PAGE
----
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Mrs Millett was particularly anxious about him; and so sure as the boy went up to his room in the middle of the day, it was to find the old housekeeper on her knees, and her spectacles carefully balanced, trying all his buttons to see if they were fast. "Now I'm going to put you up two bottles of camomile tea, and pack them in the bottom of your box, with an old coffee-cup without a handle.

"Please, 'm, Mrs Millett says there's no eggs, and it's too late to get any more." "Ask Mrs Millett to come here," said Helen; and the old lady came up, looking very red. "Why, Millett," said Helen, "this is very strange. I don't like to find fault, but surely there ought to have been a chicken left."

Lookye here, Master Dexter, just you pitch that sorter thing over, and take to beef underdone with the gravy in it. That'll set you up better than jelleries and slops." Dan'l was right. Mrs Millett was waiting with a cup of calves'-feet jelly; and Maria had brought out a rug, because it seemed to be turning cold.

"Yes, 'm," said Maria, and disappeared, but was back in a few minutes. "If you please, 'm, Mrs Millett says there is no cold chicken, 'm." "Indeed?" said Helen wonderingly. "Very well, then, the cold veal pie." "Yes, 'm." Maria disappeared, and came back again. "Please, 'm, Mrs Millett says there is no veal pie." "Then tell her to make an omelette." "Yes, 'm." Maria left the room and came back.

My dear Helen, I'm as certain of my theory being correct as of anything in the world. But hang that Limpney for a narrow-minded, classic-stuffed, mathematic-bristling prig! We'll have a better." Dexter felt a strange hesitancy; but the doctor evidently wished him to go and fish, so he took his rod, line, and basket, and was crossing the hall when he encountered Mrs Millett.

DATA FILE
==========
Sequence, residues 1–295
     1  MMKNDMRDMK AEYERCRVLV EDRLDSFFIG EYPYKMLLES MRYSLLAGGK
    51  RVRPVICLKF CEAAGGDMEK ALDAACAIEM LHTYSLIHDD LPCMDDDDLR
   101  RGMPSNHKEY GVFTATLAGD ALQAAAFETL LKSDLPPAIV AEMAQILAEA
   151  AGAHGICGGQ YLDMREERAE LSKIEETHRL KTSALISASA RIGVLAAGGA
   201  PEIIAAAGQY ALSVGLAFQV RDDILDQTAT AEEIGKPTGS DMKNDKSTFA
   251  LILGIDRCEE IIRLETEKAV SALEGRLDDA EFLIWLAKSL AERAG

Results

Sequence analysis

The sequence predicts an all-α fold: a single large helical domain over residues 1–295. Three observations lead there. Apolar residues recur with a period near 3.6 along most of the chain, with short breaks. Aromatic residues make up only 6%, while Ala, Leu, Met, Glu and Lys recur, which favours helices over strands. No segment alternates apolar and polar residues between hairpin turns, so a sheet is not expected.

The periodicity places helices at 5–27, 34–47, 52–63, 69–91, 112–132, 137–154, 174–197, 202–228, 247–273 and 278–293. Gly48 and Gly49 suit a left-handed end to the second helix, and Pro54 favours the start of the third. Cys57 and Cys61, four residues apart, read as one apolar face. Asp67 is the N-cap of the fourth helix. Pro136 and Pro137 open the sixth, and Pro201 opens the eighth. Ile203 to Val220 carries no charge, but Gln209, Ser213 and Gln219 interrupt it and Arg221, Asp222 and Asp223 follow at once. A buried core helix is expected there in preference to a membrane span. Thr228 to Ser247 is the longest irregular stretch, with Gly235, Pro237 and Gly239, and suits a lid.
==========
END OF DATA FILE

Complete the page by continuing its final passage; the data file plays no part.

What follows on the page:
I wish we could get that young fishing scoundrel sent away; but of course one cannot do that. Oh, by the way, what about Maria? Is she going away?" "No," said Helen. "I had a long talk to her about her unreasoning dislike to Dexter, and she has consented to stay." "Well, it's very kind of her," said the doctor testily. "I suppose Mrs Millett will be giving warning next."

"Helen, my dear," he whispered, "see the women-servants first thing in the morning, and tell them I strictly forbid any allusion whatever to be made to Dexter's foolish prank." Helen nodded. "I'll talk to the men myself," he said. "And whatever you do, make Mrs Millett hold her tongue. Tut tut tut! Now, look at that!"

Then, as Maria faded from his mental vision, pleasant old Mrs Millett appeared, with her hands raised, and quite a storm of reproaches ready to be administered to him, followed, when she had finished and forgiven him, as he knew she would forgive him, by a dose of physic, deemed by her to be absolutely necessary after his escapade. The house at last, and everything just as Dexter had anticipated.

"Ah, my dear," said Mrs Millett; "I was young once, and I didn't like to be scolded. He isn't such a bad-looking boy after all, only he will keep apples in his bedroom, and make it smell." "What's looks!" said Maria tartly, as she gave a candlestick she was cleaning a fierce rub. "A deal, my dear, sometimes," said the old housekeeper.

Here late, as I have said, and at last they broke up, and we had our commissions again, and I do hear how Birch is the high man that do examine and trouble every body with his questions, and they say that he do labour all he can to clear Pett, but it seems a witness has come in tonight, C. Millett, who do declare that he did deliver a message from the Duke of Albemarle time enough for him to carry up "The Charles," and he neglected it, which will stick very hard, it seems, on him.